No holds Bard: Theatre director Rajat Kapoor on Macbeth | art and culture | Hindustan Times
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No holds Bard: Theatre director Rajat Kapoor on Macbeth

Theatre director Rajat Kapoor adds yet another Shakespearean play — Macbeth — to his repertoire of the Bard’s clowning adaptations

art and culture Updated: May 29, 2016 17:16 IST
Kaushani Banerjee
Tillotama Shome, Ranvir Shorey, Mansi Multani and Kalki Koechlin in a rehearsal still
Tillotama Shome, Ranvir Shorey, Mansi Multani and Kalki Koechlin in a rehearsal still(HT Photo)

In March, theatre director Rajat Kapoor staged an adaptation of William Shakespeare’s As You Like It. The play opened to a full house. Three months later, Kapoor is now back with another clowning piece based on Shakespeare’s Macbeth. This is his fourth Shakespearean adaptation after King Lear, As You Like It, and Hamlet. “I have learnt, over the years, that we only understand Shakespeare when the script is performed. One doesn’t understand it while reading it. That’s why I continue to stage his works, to try and understand them better,” says Kapoor. We couldn’t help but notice Shakespeare’s quotes on his shoes — ‘Double, double, toil and trouble’, ‘Too nice and yet too true’ — as we spoke to him in his office in Bandra (W).

Staying relevant

While many say that Shakespeare is timeless, Kapoor explains the statement from a different perspective. He says that human beings have not changed much in terms of their core values since Shakespeare’s days. Hence, the ethos stays the same. “Our problems, moods and needs are the same. Emotionally, we have not evolved, we are still where we were centuries ago. Hence, if you think of greed or ambition, there is nothing beyond Macbeth; if you think about jealousy, there’s Othello; for an existential quest, there’s Hamlet; if you think of old age, King Lear is your food for thought. Shakespeare takes each one of these human emotions and goes to the extreme possible depths of each,” says the director.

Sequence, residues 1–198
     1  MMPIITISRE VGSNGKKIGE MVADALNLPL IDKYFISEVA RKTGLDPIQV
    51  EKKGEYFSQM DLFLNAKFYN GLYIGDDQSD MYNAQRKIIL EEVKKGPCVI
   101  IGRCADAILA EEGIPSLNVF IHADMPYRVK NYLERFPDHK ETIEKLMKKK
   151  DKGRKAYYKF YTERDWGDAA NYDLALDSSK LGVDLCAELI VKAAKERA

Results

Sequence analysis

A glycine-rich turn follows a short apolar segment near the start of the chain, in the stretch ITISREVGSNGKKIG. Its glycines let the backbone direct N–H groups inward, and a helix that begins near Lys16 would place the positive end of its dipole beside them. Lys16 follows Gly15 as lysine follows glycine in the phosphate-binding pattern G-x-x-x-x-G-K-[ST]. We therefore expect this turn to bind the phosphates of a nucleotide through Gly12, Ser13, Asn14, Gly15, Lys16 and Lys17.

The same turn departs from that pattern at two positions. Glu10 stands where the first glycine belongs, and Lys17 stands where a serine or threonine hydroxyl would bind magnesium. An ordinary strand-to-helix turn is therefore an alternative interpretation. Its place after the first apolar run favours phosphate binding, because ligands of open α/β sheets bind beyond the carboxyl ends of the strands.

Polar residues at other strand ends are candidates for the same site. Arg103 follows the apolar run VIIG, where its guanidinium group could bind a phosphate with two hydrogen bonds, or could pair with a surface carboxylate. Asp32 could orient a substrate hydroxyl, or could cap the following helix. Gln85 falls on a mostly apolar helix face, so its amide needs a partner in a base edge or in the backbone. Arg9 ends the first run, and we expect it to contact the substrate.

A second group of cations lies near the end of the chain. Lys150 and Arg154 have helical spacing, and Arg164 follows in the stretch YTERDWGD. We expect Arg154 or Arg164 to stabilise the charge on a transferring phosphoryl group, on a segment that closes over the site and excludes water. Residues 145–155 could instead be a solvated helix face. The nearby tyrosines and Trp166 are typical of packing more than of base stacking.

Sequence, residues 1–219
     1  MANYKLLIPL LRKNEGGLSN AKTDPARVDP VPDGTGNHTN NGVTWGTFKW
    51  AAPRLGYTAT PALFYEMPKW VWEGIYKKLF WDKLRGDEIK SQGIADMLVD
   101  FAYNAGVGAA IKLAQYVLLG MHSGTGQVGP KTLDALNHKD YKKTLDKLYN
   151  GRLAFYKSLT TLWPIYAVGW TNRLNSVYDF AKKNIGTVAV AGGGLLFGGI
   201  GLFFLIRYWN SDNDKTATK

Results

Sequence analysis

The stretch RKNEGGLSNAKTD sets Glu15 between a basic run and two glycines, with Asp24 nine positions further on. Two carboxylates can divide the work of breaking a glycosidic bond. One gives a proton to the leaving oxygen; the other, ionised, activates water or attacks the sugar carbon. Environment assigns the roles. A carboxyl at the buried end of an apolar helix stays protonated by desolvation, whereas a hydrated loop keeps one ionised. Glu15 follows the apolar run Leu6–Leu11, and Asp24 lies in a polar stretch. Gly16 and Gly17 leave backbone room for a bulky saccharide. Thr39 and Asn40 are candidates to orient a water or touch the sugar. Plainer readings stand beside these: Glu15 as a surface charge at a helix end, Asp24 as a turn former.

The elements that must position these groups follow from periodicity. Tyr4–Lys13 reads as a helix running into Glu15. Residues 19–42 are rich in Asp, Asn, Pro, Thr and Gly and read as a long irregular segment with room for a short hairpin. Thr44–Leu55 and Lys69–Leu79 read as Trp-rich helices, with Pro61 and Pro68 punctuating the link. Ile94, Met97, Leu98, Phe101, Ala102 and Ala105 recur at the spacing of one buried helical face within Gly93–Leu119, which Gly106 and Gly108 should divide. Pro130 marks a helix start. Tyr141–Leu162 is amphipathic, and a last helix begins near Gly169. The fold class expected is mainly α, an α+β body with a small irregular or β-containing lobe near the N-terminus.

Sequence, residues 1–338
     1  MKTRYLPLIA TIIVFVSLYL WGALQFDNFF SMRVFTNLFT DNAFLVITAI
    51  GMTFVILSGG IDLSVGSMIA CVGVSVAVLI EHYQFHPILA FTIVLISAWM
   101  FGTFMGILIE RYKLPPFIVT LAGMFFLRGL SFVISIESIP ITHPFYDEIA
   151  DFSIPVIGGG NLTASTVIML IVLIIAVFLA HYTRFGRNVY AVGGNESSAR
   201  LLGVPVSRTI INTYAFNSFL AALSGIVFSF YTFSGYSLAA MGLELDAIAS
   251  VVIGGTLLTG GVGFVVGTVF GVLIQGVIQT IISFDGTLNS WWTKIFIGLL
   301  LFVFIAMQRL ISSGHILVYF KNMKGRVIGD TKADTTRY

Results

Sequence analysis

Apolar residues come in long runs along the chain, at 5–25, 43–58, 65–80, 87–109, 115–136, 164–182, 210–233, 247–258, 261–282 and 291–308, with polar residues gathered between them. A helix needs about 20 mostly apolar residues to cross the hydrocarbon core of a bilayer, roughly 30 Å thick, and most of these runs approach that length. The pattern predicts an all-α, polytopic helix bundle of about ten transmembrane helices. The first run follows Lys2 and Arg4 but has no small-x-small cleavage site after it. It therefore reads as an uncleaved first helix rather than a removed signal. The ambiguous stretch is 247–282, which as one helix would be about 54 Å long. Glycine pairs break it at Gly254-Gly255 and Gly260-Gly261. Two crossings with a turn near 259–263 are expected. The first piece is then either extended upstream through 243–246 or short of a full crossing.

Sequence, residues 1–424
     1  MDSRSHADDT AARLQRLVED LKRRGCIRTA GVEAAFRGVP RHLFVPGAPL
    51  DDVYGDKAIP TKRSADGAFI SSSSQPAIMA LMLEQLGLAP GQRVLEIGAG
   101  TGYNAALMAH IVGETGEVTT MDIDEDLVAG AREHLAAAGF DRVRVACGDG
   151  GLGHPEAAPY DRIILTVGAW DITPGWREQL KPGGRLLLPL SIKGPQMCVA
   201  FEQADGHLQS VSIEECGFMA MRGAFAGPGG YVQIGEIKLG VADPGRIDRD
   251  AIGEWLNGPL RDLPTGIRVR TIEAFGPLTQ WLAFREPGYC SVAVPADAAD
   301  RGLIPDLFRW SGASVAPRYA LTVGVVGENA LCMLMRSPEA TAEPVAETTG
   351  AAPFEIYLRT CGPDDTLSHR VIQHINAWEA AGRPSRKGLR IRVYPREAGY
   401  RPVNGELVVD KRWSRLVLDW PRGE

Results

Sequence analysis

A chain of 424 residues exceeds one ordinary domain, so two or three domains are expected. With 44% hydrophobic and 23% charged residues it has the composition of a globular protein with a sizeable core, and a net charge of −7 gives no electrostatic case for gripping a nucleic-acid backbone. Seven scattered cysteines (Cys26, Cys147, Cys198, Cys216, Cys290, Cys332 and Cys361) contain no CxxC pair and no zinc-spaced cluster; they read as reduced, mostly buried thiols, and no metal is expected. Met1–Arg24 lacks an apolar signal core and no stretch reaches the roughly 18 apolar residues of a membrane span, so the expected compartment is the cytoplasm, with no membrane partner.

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With Shakespeare’s plays, the audience is often divided into purists, who are not in favour of modern retellings, and those who don’t mind experimentation. Kapoor, however, doesn’t see the point of staging the Bard’s plays in “their traditional form”. “Even if I was doing Oedipus Rex or Shakuntalam, it would still be a reinvention. Shakespeare, when traditionally performed, is the most boring thing in the world. I can’t stand those productions for even five minutes,” he says. Thus, in his new play — which stars Jim Sarbh, Tillotama Shome, Kalki Koechlin, Mansi Multani, Vinay Pathak and Ranvir Shorey — the Scottish king, Macbeth, becomes Macky B in a corporate set-up. “Although the setting has changed, it is still a very political play about greed and guilt,” adds Kapoor.

Vinay Pathak and Jim Sarbh in a still from the rehersal (HT Photo)

Comic factor

Kapoor’s forte lies in using clowns to tell stories. He used clowning for the first time in C For Clowns. His earlier play, What’s Done Is Done, employs the use of “dark clowns”. But this time, we will see “scary clowns”, who will also act as outsiders, and give us a third-person’s perspective of the characters. “Clowns are able to comment on the play within the play itself. They can stop and say, ‘Why is Macbeth doing this? Is he mad? Can’t he see, he is going to fall?’ It gives the audience a bit of distance from the play. So, you can be in the play, come out of it, and go back all in the same scene. That is exciting,” he says.

Work in progress

Interestingly, the play does not have a fixed script. The actors are expected to improvise at different stages to develop it, thereby, contributing to the entire process. “There is no script; the play grows every day. It is in development till it reaches 20 shows. Once it is fixed, about 98% of it will remain the same. It is quite a challenge for the actors because they go in blind. We don’t know what the play will finally shape up to be. We don’t know if it will work or whether there will be laughs,” he says.

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Ask him about his favourite Shakespearean play, and pat comes the response: “Richard III is thrilling. The play has this mad idea of killing a woman’s husband and then seducing her. Wow, how does somebody manage that?”